The Volunteer Selection Process
When selecting volunteers it is important to try and meet your volunteer in a face-to-face interview before they start volunteering with your organisation. The interview as an opportunity for a two-way dialogue. Just as you are interviewing the volunteer to ensure their suitability for your organisation, the volunteer is interviewing you and assessing your organisation.
When preparing for the interview set aside a block of time e.g. 30 minutes. Be prepared with a list of questions. In addition, be ready to share information about your organisation and your volunteer opportunities. If the staff member who will be working with the volunteer is available you can invite them to sit in on the interview. If possible, conduct the interview in a private setting so the volunteer feels free to ask questions and share information with you. At the same time try to create a friendly, relaxed atmosphere.
When the volunteer arrives:
- Offer them some refreshments.
- Have them fill out the volunteer registration form.
- Ask open-ended questions about their interests, the skills they will bring to the organisation and past work and volunteer experiences.
- Share the volunteer role description and discuss any expectations or commitments related to the volunteer role.
- Ask for the commitment you need e.g. 4 hours a week for a minimum of 6 months. If the volunteer cannot commit to your needs then they may not be right for this role. It is important to find this out before the volunteer begins working with you. If appropriate you might try to find something more suitable to their skills and availability.
Conclude the interview by:
- Making an offer of a volunteer position.
- Alternatively you might suggest the volunteer go home and think about the commitment you are asking them to make. This gives both you and the volunteer an opportunity to review the interview and decide on their suitability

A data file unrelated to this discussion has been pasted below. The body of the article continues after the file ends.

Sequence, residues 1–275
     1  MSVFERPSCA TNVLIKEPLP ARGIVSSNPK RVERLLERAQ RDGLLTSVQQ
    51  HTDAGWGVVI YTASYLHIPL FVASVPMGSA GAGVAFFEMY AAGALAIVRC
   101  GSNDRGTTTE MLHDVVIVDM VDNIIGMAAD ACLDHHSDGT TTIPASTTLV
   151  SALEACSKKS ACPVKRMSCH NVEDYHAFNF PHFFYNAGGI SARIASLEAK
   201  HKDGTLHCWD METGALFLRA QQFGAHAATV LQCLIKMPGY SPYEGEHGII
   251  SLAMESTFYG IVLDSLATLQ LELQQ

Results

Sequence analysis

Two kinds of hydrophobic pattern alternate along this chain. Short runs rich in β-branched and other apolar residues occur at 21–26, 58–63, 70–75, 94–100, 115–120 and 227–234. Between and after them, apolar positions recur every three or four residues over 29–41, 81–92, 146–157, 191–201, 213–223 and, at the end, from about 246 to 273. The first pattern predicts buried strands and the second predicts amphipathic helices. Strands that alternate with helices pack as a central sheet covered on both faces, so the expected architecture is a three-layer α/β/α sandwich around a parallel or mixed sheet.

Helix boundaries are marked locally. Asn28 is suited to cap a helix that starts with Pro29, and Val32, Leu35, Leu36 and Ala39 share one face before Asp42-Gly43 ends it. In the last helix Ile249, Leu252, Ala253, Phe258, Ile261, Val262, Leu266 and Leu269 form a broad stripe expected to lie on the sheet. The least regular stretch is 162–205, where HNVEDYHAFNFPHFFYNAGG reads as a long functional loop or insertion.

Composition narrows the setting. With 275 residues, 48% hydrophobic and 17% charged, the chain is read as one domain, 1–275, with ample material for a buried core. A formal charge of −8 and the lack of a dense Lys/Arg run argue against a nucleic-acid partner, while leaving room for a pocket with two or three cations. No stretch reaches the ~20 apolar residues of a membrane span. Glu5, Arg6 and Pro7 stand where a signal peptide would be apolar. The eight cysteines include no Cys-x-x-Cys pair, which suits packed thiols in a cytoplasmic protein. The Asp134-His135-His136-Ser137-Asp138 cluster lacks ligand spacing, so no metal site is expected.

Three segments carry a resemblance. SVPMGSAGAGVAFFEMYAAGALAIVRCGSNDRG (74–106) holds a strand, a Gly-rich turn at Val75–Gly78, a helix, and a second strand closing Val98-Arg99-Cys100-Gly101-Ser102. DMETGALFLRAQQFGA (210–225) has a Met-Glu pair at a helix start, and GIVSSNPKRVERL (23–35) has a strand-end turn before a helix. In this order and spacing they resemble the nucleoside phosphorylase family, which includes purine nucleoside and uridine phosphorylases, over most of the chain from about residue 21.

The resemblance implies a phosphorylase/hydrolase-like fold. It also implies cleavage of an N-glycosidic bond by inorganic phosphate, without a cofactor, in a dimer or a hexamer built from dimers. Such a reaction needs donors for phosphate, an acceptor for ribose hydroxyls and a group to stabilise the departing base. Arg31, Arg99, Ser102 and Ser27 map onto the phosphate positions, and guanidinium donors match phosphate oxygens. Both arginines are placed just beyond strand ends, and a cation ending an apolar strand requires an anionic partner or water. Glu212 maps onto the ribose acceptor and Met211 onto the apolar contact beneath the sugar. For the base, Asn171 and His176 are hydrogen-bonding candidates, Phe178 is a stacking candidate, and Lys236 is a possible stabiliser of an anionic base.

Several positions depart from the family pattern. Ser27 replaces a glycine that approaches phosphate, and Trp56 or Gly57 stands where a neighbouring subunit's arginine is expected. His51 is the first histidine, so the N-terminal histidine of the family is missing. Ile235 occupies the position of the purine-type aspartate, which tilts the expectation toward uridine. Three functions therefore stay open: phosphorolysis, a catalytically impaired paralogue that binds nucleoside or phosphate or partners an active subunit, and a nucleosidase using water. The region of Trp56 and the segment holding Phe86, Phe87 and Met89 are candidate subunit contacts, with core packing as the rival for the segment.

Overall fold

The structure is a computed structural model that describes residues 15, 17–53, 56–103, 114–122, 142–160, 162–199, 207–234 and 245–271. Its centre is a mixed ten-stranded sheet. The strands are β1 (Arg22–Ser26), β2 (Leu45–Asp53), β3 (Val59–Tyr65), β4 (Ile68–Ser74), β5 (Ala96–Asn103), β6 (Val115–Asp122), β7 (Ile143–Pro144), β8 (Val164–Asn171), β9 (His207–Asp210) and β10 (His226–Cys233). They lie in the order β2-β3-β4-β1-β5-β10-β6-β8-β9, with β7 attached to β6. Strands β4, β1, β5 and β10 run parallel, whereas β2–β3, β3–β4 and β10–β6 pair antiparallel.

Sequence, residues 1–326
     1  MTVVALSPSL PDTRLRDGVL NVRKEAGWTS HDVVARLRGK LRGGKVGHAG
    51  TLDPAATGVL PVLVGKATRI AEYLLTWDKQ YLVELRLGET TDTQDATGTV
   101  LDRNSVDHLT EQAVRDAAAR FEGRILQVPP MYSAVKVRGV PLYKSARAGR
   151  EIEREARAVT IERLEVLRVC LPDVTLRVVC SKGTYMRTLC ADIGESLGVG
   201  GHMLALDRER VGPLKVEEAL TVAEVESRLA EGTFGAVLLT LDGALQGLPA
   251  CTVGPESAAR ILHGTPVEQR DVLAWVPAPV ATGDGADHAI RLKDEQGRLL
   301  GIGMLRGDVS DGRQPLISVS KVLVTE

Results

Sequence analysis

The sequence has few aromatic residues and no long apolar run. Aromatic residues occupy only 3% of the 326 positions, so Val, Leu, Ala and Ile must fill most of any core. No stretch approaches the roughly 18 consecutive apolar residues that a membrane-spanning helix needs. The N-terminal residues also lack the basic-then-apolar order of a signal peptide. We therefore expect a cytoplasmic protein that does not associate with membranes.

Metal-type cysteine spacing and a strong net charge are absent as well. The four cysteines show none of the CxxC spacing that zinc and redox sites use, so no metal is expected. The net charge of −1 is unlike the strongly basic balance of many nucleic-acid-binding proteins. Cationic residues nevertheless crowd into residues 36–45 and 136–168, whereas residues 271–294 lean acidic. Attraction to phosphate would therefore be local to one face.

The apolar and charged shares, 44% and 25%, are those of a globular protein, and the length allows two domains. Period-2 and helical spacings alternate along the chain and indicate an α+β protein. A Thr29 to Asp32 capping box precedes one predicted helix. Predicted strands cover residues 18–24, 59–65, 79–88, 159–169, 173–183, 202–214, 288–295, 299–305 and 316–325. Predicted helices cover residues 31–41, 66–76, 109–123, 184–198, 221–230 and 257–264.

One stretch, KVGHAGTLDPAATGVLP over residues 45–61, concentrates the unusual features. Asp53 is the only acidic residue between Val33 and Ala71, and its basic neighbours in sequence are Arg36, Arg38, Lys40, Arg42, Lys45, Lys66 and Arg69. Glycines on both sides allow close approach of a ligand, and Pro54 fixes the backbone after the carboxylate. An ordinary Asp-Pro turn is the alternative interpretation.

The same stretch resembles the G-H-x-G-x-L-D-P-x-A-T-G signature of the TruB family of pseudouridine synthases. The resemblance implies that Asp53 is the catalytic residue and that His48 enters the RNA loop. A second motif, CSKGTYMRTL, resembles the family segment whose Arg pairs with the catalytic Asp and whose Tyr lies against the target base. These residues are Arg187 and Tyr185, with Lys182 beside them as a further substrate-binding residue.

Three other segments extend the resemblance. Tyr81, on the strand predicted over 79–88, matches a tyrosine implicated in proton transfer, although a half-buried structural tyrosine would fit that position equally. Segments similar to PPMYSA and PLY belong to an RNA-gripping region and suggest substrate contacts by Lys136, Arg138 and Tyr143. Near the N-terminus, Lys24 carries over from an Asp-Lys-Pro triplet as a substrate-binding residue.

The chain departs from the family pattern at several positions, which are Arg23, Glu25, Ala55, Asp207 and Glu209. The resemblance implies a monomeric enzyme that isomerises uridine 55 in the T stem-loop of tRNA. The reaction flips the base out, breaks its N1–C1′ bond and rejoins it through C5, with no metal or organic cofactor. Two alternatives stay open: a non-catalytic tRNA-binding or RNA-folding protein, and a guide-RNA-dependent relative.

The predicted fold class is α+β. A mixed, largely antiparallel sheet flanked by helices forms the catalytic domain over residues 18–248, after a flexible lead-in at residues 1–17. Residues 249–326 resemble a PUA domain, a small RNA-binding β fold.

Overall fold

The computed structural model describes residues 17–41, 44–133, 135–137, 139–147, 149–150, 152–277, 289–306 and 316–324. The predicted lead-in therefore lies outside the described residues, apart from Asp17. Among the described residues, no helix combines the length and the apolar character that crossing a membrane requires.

- Explain what will happen next: garda checks, reference checks, induction, general training and/or role specific training.
- If you cannot conduct a garda check for every volunteer role, conducting a reference check is the next best thing. It is surprising what you can learn from past employers, volunteer experiences and personal referees.
- Let the volunteer know when they will hear from you next.
- Consider giving the volunteer a brief tour of your facility so they can see your staff and volunteers in action.
Always allow the volunteer to say ‘no’ if they do not feel the volunteer role is suitable. It is important to note, just because a volunteer has contacted you does not mean they are ready to volunteer with you. Many volunteers will enquire at several organisations to find out which one best suits their needs and interests.
If you find the volunteer is unsuitable you should notify them as soon as possible. Be as honest as possible regarding why they were not accepted. Remember, this is not a time for negotiation (don’t get talked into giving the volunteer another chance) but a time to let them know why they have not been accepted e.g. references were unacceptable, garda vetting showed some time of offense, limited number of volunteer spaces which were filled by more suitable candidates. If needed you can offer to provide more detail in writing. It is important to keep notes on these meetings/phone calls.
Assuming you have now offered the volunteer a position and they have accepted, it is now time for the Volunteer Induction.